Hawaii State Senator Fred Hemmings, R-Kailua, the 1968 World Champion Surfer who helped establish professional surfing and produced surfing television series on all three major networks, was all smiles yesterday when the state officially established surfing reserves at two of Hawaii’s well-known surfing areas.
Gov. Linda Lingle, with her 71st executive order, set up the reserves in Waikiki and the North Shore, recognizing the “cultural, sports and historic significance of important surf sites in Hawaii,” and “raising public awareness about the importance of protecting, nourishing and developing Hawaii’s world famous surf sites.”
“Hawaii has some of the most famous and beautiful surf sites in the world and its native sons, such as Senator Fred Hemmings, have deservedly gained international recognition in the sport of surfing,” Lingle says.
The Hawaii State Senate had passed a bill unanimously this past session with the help of Senators Carol Fukunaga, Brickwood Galuteria, and Sam Slom.
However, on the final day of the legislative session, April 29, the House killed the bill largely because interference by Rep. Lyla Berg, D-Aina Haina, Rep. Hermina Morita, D-Kauai, and their backing by House Speaker Calvin Say.
House Republicans, who are just 6 of 51 members, fought for the bill to pass, asked for an explanation as to why it had been recommitted, and were given none and told they were out of order. When their efforts were defeated, Republicans said it was party politics at its worst. Their debate is archived in Hawaii Reporter’s television section and on YOU TUBE.
Rep. Tom Brower, D-Waikiki, who attended the ceremony yesterday at the governor’s office was supportive of the measure which impacts his district, but he says other Democrats said they had concerns about whether the designation would create favoritism or negatively affect businesses and whether it would push out beachgoers who aren’t surfers. Hemmings said the concerns were not valid, and that the designation is much like the one in Australia – ceremonial.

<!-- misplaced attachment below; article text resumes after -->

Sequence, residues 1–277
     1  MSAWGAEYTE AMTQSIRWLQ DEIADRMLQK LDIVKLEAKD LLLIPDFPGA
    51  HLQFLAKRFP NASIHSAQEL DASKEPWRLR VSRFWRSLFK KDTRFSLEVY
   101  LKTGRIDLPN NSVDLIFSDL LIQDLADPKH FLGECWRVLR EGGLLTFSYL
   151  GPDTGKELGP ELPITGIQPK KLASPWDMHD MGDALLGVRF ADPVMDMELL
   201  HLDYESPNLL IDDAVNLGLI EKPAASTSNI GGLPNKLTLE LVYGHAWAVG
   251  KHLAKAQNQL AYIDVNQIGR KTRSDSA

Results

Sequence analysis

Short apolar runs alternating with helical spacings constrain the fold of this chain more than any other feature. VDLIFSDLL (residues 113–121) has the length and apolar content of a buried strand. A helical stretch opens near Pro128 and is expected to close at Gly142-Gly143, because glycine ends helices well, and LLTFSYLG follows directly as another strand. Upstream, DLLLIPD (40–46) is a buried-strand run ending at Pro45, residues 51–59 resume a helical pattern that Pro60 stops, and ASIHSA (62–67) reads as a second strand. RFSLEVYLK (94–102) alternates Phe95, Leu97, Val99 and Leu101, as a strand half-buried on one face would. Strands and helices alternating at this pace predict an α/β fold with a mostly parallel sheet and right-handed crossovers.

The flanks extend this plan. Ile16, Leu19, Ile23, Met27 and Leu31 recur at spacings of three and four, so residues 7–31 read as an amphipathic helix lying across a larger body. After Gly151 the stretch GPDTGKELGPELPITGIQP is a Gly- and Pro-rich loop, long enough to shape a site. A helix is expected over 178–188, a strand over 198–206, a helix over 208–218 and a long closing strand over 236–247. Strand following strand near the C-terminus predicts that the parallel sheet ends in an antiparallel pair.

“Hawaii is the birth place of surfing, and we founded professional surfing, but when it comes to the cultural aspects of surfing, California has the heritage area and surfing museums, and Australia has surfing reserves,” Hemmings says.
Lingle says the House’s action angered her staff, and they looked for ways to make the designation without legislative authority through the executive order. All funds used for the designation can be privately raised.
(Translation for surfers: Hemmings’ efforts to get a surfing reserve was “caught inside” (temporarily) when some key Democrats “dropped in” on his plan, but wasn’t “blown out” or “wiped out” and in the end, Hemmings was “pumping” and “stoked.”)
Hemmings thanked the governor, Senators Carol Fukunaga, Brickwood Galuteria, Clayton Hee and Sam Slom, and GOP House members along with Rep. Tom Brower, D-Waikiki, for their support. “Hawaii is the genesis of surfing. We must regain the cultural and sports leadership of the world of surfing, and surfing reserves is a step in that direction.”
Hemmings also spoke fondly about Hawaii’s most beloved 20th century hero – Duke Kahanamoku, the Olympic swimming gold medal winner and international surfing legend – who Hemmings spent a great deal of time with both in and out of the ocean. The Waikiki designation is named for Kahanamoku.
Taking Kahanamoku out surfing with a cushion on his board on his last wave before he died is a memory Hemmings will always cherish.
Many lessons about surfing and life were learned from Kahanamoku, Hemmings says, the main one being this: “Aloha is not a word or greeting, it is a lifestyle. Duke was the true embodiment of Aloha. He was gracious all the time and never had a bad word to say about anybody. Looking back at history of Hawaii, there were many great leaders, but the most beloved person in 20th century in Hawaii was Duke.”
Hemmings is not running for another 4-year Senate term in 2010 because he wants to resign from politics, but his supporters say his 8 years in the House and 8 years in the Senate was quite a ride.
More on the web: http://www.surfingwalkoffame.com/pioneer/Fred_Hemmings.html
Reach Malia Zimmerman, editor of Hawaii Reporter, at Malia@hawaiireporter.com